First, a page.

Society for Social Work and Research

Sixteenth Annual Conference Research That Makes A Difference: Advancing Practice and Shaping Public Policy
11-15 January 2012 I Grand Hyatt Washington I Washington, DC

37 Unpacking the “Cultural” In Social Work Practice with Immigrants

Friday, January 13, 2012: 8:00 AM-9:45 AM
Constitution E (Grand Hyatt Washington)
Cluster: Gender and Ethnicity
Symposium Organizer:
Rupaleem Bhuyan, PhD, University of Toronto
In this session, we feature three papers that explore constructions of culture in social work practice with immigrants. Historically, immigrants have been a major focus of social work practice. Early social work pioneers such as Mary Richmond and the Charity Organization Society workers and Jane Addams and the Settlement House workers worked with new European immigrants who were often poor and disenfranchised, and their work with immigrants ultimately helped produce major social work practice methods that are still used widely (Axinn & Stern, 2005; Gordon, 2002). However, social workers' attitudes toward and relationships with immigrants have been highly ambivalent in the social work history. Even with the best intentions, social workers often participated in constructions of immigrants as a racialized and essentialized “other” and failed to advocate for them in the face of unjust treatments (Kang, 2010b; Park, 2008; Rober & Selzer, 2010; Sakamoto, 2003).

One enduring consequence of such problematic constructions of immigrants is social work interventions that are “designed to educate, improve, and adjust immigrants to American ways of life” (Park & Kemp, 2006, p. 708). While it is important to help immigrants successfully adjust to their new environment, interventions that focus exclusively on individual adjustment fail to consider power relations and social and historical contexts, thus leaving little possibility of understanding the dialectical relationship between the person and environment (Sakamoto, 2007). Also, an exclusive focus on individual adaptation to the environment undermines social workers' ability to help immigrant clients imagine a variety of creative and flexible strategies to negotiate their complex environments (Kang, 2010a).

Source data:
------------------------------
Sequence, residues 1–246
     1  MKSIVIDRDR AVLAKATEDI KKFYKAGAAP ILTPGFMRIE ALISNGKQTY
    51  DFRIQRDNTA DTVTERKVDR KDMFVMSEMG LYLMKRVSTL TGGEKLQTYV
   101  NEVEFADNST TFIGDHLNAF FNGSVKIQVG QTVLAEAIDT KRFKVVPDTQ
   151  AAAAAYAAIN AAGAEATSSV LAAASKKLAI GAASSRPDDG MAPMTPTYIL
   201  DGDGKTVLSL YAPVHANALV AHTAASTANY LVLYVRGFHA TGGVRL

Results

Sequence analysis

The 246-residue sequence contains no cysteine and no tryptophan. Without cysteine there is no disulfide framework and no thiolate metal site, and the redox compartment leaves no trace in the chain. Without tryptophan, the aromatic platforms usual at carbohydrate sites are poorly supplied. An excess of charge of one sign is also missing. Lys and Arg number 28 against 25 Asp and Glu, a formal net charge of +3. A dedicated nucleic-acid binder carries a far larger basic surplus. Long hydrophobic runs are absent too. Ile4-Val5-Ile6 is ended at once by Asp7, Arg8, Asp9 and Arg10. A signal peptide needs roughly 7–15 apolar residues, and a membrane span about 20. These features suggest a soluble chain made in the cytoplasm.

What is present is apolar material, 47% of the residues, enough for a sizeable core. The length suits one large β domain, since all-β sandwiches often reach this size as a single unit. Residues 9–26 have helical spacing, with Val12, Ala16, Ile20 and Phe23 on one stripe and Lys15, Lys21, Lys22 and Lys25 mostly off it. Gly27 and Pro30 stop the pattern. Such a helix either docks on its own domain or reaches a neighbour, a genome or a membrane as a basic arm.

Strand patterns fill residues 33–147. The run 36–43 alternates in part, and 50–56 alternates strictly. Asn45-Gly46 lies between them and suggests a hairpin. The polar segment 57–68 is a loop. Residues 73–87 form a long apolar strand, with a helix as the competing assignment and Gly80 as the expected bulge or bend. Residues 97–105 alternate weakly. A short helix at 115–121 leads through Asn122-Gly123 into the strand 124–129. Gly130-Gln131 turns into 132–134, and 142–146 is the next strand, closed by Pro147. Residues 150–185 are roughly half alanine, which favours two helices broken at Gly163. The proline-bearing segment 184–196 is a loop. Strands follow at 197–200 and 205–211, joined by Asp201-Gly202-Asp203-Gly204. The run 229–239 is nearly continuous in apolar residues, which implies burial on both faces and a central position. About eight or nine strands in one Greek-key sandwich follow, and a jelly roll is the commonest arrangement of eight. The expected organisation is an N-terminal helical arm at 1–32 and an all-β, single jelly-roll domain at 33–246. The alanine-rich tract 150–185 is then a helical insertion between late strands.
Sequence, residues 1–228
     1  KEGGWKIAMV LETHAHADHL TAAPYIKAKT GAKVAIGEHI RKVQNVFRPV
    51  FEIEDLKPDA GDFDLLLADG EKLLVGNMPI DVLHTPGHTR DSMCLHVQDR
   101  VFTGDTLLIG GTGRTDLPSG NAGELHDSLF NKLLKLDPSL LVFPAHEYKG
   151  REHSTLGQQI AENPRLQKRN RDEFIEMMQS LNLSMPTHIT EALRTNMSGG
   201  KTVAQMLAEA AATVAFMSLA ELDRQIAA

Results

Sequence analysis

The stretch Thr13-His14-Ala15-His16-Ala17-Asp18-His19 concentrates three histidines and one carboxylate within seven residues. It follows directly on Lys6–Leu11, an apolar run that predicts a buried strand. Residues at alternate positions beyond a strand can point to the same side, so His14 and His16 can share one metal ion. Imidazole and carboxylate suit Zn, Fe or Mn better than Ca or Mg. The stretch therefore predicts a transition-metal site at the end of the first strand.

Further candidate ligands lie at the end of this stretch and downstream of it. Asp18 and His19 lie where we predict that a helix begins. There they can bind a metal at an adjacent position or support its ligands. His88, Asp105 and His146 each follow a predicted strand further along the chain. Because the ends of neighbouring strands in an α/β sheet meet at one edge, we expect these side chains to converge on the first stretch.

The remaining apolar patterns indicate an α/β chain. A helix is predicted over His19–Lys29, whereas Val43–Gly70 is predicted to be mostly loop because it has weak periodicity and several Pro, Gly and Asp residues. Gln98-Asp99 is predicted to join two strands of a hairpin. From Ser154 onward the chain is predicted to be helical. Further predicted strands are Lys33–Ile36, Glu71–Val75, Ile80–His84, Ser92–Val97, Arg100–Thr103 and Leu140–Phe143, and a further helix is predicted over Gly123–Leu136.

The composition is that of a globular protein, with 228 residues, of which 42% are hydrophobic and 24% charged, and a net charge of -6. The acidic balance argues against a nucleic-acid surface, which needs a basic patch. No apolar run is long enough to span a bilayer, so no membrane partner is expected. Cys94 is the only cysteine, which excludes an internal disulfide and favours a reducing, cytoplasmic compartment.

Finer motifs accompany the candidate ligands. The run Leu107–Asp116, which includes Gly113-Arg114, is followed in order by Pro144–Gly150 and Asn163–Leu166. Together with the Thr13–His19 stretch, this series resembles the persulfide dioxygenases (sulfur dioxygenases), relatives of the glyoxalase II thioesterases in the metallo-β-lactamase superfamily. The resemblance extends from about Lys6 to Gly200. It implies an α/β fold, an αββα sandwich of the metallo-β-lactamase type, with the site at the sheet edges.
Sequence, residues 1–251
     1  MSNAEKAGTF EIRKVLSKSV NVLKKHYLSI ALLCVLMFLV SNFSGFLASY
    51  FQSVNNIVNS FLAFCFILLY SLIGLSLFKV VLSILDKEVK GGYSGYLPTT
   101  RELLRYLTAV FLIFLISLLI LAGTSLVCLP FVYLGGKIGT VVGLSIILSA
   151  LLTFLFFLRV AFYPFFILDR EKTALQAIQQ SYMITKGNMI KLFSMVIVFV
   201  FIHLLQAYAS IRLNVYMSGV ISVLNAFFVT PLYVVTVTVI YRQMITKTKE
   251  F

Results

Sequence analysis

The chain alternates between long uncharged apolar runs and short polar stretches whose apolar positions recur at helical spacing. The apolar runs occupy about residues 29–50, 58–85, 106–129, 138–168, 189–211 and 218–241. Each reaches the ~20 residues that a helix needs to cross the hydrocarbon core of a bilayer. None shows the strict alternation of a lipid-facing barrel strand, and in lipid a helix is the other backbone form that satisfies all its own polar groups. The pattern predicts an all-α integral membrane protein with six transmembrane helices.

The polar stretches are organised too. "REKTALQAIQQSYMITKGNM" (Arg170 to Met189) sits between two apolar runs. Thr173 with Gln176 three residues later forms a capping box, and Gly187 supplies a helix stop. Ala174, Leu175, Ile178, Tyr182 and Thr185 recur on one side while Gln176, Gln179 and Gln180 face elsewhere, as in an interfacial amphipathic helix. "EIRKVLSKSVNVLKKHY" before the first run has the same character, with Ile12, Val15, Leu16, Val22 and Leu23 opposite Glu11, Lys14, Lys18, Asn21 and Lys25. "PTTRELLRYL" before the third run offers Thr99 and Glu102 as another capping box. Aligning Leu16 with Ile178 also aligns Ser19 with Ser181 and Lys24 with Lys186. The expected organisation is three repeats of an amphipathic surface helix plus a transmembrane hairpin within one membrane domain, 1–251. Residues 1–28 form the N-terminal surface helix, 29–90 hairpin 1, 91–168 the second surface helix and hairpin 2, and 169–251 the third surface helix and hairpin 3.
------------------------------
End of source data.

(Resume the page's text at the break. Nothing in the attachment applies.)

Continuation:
The first panelist presents immigrant cultural citizenship as a conceptual frame to apply postcolonial theories to social work practice with immigrants, illustrated by a case study. The author critiques marginalizing discourses that often reduce the immigrant experience to acculturation. Through a case study analysis, she illustrates multi-level (micro/mezzo/macro) interventions that helped an Asian elderly widow with depression to claim social and cultural citizenship, construct new meanings and a sense of identity and healing.

The second paper explores how socio-cultural power dynamics are constructed and re-produced in clinical encounters. This study involves conversational analysis of clinical sessions between self-identified white female therapists and clients who are racialized immigrants in Canada. The authors explore the ways in which whiteness, power, and racism manifest through clinician's efforts to direct client's talk away from 'cultural dialogues' to more 'clinical' content.

The third paper examines the phenomenon in Canada whereby the lack of “Canadian (work) experience” is constructed as a barrier to immigrant employment. A constructivist grounded theory analysis is contrasted to existing theories, and corroborates the utility of Canadian experience as a prerequisite for immigrants' gainful employment. Newcomers to the job and the country learn implicit rules through “legitimate peripheral participation” (e.g., internships, mentoring) on the way to become part of “community of practice” where sense making takes place. Government-funded immigrant employment services attempt to facilitate this process but rarely challenge the problematic requirement of Canadian experience itself.

* noted as presenting author
Constructions of ‘Culture' Versus ‘Clinical' Talk In Cross-Racial Clinical Encounters
Eunjung Lee, PhD, University of Toronto; Rupaleem Bhuyan, PhD, University of Toronto
Why Do Employers Require “Canadian Experience” In Immigrant Job Candidates?: Legitimate Peripheral Participation Leading to Community of Practice
Izumi Sakamoto, PhD, University of Toronto; Jaemin Kim, PhD, University of Toronto; Matthew D. Chin, BA (Hon), University of Michigan-Ann Arbor
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